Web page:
Not sure what you mean by a PA - in my mind a public address system is a thing with lots of megaphone style speakers that is not well suited to music. Wikipedia defines it as "is an electronic amplification system with a mixer, amplifier and loudspeakers, used to reinforce a sound source, e.g., a person giving a speech, a DJ playing prerecorded music, and distributing the sound throughout a venue or building."

If you mean "a [i]self-contained[/i] electronic amplification system with a mixer, amplifier and loudspeakers" then I would call that a "combi" - my Jam 150 Plus is a combi - it is occasionally handy to be able to plug a mic and/or another instrument at the same time.

(Also, not knowing the Burns instruments or your amp, it is possible that the signal level from the theremin is simply too strong for your amp and the sound is being clipped.)
Posted: 1/27/2011 9:16:36 AM
Jeff S

From: N.E. Ohio

Joined: 2/14/2005

Well, since you didn't tell us which guitar amp you're using, we really have nothing specific to base our comments on.

A guitar amp can work well for a theremin depending on the sound you are looking for. Guitar amps can be variable since they are often sold by claiming their own unique "tone". Guitar amps have greater roll-off at the high and low ends of the spectrum as compared to a keyboard amp or PA. Thats not necessarily a bad thing depending on your goal and taste.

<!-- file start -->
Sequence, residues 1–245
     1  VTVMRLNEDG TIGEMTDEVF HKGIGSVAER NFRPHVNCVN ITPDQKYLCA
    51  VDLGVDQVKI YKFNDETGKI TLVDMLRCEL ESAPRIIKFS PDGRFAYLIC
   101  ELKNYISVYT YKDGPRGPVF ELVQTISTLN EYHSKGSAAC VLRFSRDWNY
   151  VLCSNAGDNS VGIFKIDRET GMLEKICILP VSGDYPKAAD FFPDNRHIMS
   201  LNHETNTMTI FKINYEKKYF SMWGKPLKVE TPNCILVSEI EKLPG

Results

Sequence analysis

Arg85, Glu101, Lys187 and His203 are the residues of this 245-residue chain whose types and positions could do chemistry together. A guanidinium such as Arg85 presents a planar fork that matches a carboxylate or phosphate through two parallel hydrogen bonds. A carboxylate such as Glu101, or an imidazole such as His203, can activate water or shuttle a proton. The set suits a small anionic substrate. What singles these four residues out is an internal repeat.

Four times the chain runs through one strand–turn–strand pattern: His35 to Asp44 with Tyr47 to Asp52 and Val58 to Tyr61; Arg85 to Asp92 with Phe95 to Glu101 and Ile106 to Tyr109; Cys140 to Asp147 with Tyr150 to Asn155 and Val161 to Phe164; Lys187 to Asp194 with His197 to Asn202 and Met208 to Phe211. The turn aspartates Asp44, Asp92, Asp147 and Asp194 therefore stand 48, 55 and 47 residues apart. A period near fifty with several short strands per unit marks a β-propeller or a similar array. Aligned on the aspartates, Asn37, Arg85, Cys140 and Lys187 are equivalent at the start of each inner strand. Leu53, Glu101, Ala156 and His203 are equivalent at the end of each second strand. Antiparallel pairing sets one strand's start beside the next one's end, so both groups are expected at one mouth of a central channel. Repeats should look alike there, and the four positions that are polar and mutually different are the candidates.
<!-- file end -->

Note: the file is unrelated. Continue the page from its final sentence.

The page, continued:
Generally speaking, an amp for a theremin should have at least a 12" (300mm) speaker for a full, rich tone. At 8" (200mmm) and below, the sounds gets more "buzzy". In any event, a good set of tone controls on the amp is quite helpful.

Don't forget, the sound you are hearing on the internet may be "colored" by the amp/speaker used and by the microphone used (if they're not recording direct). The microphones on most digital video cameras are not very good at all, and if they've used their cellphone it's even worse.
Posted: 1/27/2011 3:27:10 PM

From: Oahu, Hawaii

Joined: 1/23/2011